4. In `a process for making printed circuits on both sides of an insulating member with conductive passageways between the top and bottom surfaces of the member; the improvements which comprise providing aperthres in the insulating member; sensitizing the lateral walls of the mem'ber surrounding the apertures to the reception of electrolessly deposited copper and electrolessly depositing copper on the lateral walls of the member surrounding the apertures by immersion in an electroless copper plating bath consist-ing essentially of: water; a water soluble cooper salt, from about 0.002 to 0.15 mole per liter; a complexing agent for cupric ion, from about 0.5 to 2.5 times the moles of copper salt; an alkali metal hydroxide, sufficient to give a pH of between about 10.5 to 14; form- `aldehyde, from about 0.06 to 3.4 moles lper liter; and a complexing agent for cuprous ion, from about 0.00002 to 0.06 mole per liter; and then imposing a predetermined conductor pattern on at least one surface of the panel.

5. In a process for making printed circuits on at least one surface of a member having conductive areas on at least one surface and an insulating core, with conductive passageways between the surfaces, the improvements which comprise providing apertures in the member; sensitizing the lateral walls of the member surrounding the apertures for reception of electrolessly deposited copper; imposing a predetermined pattern on the surfaces of the panel; and electrolessly depositing copper on the pattern and on the lateral walls .surrounding the apertures 'by immersion in an electroless copper depositing bath consisting essentially of: water; a water soluble copper salt, from about 0.002 to 0.15 mole per liter; a complexing agent for cupric ion, from about 0.5 to 2.5 times the moles of copper salt; an alkali metal hydroxide sucient to give a pH of between about 10.5 to 14; formaldehyde, from about 0.06 to 3.4 moles per liter; and a complexing agent for cuprous ion, from about 0.00002 to 0.06 mole per liter.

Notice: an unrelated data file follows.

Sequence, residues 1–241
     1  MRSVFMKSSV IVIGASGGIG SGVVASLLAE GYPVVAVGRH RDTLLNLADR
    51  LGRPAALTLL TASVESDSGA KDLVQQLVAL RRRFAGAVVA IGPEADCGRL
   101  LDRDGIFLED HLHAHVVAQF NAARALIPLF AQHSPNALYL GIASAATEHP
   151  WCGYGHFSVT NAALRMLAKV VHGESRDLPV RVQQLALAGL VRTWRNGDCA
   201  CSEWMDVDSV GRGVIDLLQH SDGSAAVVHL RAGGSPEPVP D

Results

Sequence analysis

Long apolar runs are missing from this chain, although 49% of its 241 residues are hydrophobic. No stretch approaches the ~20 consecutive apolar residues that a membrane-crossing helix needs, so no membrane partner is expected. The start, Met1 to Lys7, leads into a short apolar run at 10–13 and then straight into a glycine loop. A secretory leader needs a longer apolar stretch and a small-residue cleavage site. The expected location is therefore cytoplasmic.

6. In a method of makin-g printed circuits on a member clad on at least one surface with a metal foil and having an insulating core; the improvements which compri-se providing apertures in the panel; sensitizing the later-al walls of' the member surrounding the apertures for reception of electrolessly deposited copper by treating with acidic aqueous solutions of stannous tin ions and precious metal ions; electrolessly depositing copper on the foil and on the lateral wall-s of the member surrounding the apertures by immersion in a bath consisting essentially of: water; a water soluble copper salt, from about 0.002 to 0.15 mole per liter; a complexing agent for cupric ion, from about 0.5 to 2.5 times the moles of copper salt; an alkali metal hydroxide, sucient to give a pH of between about l0.5 to 14; formaldehyde from about 0.06 to 3.4 moles per liter; and a complexing agent for cuprous ion, from about 0.00002 to 0.06 mole per liter; protecting designated areas of the foil and the lateral walls of the apertures from attack by an etohant; and etching the met-al foil in t-he unprotected areas to form a predetermined conductor pattern.